Fumonelix christyi



Land snails are known to feed on a variety of food sources including fungi, lichens, plant leaves, decaying vegetation, wood or bark, and even the empty shells of other land snails (Dourson, 2010). Since they do not eat meat, they are considered herbivores (Hickman et al. 2009).

A snail will find food by using its incredible sense of smell. When a snail discovers its food, it first touches it with its foot and mouth (Hickman et al. 2009). It then uses a radula structure, or a rough tongue-like structure found in the mouth, to scrape bits of the food (Hickman et al. 2009). The food is swallowed and moved along the esophageal tract via muscular contractions. Feeding can last only a few minutes or up to an hour, depending on the type of food being digested.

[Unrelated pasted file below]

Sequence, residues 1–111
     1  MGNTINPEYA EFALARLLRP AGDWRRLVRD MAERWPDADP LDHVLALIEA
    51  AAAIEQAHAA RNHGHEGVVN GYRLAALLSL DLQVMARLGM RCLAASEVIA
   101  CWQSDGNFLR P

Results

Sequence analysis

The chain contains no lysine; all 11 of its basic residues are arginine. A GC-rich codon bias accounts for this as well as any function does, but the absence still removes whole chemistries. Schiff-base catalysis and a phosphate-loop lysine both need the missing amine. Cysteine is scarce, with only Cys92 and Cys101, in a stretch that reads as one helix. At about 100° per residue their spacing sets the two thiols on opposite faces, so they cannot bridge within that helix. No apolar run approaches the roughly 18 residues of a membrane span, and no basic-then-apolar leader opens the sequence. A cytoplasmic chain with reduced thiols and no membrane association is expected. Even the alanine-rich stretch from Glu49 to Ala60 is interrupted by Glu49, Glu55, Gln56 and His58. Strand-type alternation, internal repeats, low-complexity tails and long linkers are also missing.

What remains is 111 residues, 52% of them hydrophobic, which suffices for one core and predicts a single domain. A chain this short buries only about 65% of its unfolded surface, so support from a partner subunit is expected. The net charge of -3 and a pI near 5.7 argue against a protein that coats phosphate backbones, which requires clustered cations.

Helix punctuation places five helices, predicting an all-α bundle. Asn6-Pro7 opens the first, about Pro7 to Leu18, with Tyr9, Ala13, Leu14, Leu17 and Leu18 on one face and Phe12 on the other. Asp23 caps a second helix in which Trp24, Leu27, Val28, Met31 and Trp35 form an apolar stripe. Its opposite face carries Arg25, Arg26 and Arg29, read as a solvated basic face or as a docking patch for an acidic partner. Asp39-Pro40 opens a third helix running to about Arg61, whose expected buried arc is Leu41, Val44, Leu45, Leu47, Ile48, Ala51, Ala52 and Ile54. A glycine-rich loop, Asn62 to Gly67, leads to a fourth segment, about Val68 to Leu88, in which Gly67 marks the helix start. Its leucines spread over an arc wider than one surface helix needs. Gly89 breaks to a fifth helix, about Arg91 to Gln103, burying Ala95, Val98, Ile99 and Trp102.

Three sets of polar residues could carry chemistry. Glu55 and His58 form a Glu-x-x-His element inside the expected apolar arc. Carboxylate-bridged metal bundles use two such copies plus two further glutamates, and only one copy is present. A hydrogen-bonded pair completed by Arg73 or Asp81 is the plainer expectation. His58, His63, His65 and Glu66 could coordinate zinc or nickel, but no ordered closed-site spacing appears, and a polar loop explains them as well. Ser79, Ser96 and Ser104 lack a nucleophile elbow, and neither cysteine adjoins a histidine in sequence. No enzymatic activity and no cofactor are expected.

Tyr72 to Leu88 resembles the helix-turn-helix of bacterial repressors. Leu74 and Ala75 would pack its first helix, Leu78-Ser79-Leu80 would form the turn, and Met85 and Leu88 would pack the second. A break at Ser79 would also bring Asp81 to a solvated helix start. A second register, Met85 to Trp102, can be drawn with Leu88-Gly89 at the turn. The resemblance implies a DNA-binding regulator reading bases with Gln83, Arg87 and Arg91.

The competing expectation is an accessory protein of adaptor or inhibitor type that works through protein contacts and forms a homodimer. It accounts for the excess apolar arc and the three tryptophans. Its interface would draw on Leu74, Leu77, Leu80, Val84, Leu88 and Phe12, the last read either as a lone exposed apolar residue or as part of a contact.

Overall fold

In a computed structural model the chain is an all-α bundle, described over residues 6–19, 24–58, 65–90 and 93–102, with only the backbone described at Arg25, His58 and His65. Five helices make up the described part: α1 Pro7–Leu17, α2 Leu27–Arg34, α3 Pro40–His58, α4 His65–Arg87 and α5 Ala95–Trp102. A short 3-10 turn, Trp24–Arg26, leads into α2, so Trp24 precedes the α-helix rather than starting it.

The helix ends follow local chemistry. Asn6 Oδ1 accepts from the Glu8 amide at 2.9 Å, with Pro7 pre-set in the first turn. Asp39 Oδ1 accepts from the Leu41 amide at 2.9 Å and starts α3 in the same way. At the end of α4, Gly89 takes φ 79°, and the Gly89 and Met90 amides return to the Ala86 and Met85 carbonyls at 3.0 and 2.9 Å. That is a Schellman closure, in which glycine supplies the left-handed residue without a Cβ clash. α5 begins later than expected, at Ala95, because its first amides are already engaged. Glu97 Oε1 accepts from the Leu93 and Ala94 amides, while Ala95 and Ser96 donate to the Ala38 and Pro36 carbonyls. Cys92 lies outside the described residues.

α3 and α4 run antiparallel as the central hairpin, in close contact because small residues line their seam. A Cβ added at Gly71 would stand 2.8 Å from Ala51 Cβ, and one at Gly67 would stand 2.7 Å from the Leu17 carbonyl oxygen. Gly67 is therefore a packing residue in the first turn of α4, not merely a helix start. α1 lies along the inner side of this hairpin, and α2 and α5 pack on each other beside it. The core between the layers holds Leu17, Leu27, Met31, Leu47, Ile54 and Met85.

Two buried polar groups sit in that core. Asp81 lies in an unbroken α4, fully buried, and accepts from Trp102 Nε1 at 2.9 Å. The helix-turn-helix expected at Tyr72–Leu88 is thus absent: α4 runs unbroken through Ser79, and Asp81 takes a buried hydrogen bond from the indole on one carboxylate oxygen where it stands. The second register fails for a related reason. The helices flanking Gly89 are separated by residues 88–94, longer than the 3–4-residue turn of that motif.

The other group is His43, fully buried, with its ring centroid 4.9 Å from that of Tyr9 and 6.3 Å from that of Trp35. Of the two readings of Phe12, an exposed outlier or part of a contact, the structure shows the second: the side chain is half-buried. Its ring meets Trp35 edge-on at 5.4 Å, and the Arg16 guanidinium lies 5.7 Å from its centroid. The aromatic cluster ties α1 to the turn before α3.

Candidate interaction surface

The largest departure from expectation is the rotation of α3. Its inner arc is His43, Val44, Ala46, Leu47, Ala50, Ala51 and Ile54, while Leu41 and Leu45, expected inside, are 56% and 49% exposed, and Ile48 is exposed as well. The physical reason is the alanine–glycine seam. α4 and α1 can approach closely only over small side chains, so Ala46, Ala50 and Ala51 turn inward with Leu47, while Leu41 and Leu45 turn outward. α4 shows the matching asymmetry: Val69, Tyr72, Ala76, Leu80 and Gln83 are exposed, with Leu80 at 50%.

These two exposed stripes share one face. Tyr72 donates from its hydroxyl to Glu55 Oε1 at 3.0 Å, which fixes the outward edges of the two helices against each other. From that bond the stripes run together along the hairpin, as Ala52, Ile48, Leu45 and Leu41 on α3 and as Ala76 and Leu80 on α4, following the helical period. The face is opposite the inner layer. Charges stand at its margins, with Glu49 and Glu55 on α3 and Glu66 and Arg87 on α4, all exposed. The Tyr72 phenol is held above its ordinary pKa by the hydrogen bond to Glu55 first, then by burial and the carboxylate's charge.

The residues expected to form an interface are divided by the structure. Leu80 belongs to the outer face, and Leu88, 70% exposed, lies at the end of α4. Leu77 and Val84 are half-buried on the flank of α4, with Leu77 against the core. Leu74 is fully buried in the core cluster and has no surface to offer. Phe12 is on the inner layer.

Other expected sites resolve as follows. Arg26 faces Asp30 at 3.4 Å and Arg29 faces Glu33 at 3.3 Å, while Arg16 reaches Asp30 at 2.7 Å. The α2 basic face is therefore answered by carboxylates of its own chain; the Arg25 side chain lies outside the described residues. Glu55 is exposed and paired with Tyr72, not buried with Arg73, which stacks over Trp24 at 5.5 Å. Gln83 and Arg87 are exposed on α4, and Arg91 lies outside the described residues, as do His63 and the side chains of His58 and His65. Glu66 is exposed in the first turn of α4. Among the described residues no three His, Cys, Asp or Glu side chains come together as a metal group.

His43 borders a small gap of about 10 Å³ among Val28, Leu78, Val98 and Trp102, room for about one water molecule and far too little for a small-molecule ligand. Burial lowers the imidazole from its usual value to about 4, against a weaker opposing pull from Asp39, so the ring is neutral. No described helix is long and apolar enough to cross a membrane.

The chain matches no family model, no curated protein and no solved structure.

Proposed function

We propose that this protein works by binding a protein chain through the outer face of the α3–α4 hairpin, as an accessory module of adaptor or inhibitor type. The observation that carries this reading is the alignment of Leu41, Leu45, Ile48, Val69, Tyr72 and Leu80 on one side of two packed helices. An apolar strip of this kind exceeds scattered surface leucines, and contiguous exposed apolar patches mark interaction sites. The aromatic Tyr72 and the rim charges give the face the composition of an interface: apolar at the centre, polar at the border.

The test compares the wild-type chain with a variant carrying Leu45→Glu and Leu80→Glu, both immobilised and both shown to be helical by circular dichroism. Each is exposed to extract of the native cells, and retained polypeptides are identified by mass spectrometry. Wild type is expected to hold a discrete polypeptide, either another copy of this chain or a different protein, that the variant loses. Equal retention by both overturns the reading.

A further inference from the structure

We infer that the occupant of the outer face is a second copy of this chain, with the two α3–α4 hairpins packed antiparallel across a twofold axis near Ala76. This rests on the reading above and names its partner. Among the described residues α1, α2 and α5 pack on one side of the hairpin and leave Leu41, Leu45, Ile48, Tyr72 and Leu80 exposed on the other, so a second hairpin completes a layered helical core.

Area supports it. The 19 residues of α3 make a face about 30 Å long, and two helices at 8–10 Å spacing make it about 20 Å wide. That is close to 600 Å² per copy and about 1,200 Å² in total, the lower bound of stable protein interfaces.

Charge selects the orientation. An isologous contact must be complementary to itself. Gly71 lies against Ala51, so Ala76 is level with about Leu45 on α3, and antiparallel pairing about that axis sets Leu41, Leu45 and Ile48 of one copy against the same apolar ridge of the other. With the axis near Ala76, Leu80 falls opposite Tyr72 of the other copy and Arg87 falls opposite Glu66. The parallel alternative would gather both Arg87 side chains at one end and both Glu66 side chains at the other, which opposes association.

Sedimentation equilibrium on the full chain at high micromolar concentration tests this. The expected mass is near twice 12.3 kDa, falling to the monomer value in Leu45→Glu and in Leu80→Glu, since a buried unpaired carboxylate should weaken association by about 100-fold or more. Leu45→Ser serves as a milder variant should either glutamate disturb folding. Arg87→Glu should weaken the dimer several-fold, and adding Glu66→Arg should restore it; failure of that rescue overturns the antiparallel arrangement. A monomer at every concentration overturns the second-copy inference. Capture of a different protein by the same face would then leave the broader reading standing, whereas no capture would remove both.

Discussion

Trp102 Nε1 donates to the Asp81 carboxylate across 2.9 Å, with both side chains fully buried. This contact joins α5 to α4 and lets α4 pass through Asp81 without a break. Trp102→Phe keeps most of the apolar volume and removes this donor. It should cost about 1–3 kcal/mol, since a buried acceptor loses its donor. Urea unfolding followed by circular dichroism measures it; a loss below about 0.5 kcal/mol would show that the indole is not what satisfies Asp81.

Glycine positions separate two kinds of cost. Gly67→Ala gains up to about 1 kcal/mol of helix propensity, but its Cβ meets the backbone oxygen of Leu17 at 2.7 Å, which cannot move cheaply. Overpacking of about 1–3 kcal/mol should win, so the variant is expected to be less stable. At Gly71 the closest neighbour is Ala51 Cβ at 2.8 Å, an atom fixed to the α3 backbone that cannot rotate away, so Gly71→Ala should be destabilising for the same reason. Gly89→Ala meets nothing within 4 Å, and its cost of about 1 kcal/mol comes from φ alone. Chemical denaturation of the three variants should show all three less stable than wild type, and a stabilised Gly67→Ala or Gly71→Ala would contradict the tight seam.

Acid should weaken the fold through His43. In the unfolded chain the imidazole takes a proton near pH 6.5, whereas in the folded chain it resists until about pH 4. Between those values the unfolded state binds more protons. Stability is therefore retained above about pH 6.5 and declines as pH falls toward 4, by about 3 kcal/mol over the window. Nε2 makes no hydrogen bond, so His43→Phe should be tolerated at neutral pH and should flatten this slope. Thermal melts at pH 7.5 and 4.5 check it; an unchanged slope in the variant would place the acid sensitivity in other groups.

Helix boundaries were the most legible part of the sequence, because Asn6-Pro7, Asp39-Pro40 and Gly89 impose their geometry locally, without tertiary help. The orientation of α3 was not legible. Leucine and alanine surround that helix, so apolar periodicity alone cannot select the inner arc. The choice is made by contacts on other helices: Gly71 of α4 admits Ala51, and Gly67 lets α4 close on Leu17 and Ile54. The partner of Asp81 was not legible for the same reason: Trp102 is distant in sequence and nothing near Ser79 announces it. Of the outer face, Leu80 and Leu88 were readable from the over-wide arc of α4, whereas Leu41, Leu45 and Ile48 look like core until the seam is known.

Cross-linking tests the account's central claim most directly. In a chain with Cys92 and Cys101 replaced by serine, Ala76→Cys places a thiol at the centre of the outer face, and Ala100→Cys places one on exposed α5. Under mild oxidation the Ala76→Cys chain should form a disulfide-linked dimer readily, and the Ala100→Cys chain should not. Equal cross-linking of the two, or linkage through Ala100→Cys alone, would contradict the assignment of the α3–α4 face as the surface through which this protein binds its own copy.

Land snails in particular need to consume calcium carbonate for their bodily functions, reproduction, and to build their shells. The main reason why snails eat off of the empty shells of other snails is to obtain the calcium carbonate from those shells (Dourson, 2010).

Permission to use image from Bill Frank.

Snails are also food for predators. To find out if these land snails are threatened or endangered because of their predators or other factors, go to the conservation page, or head back to the home page.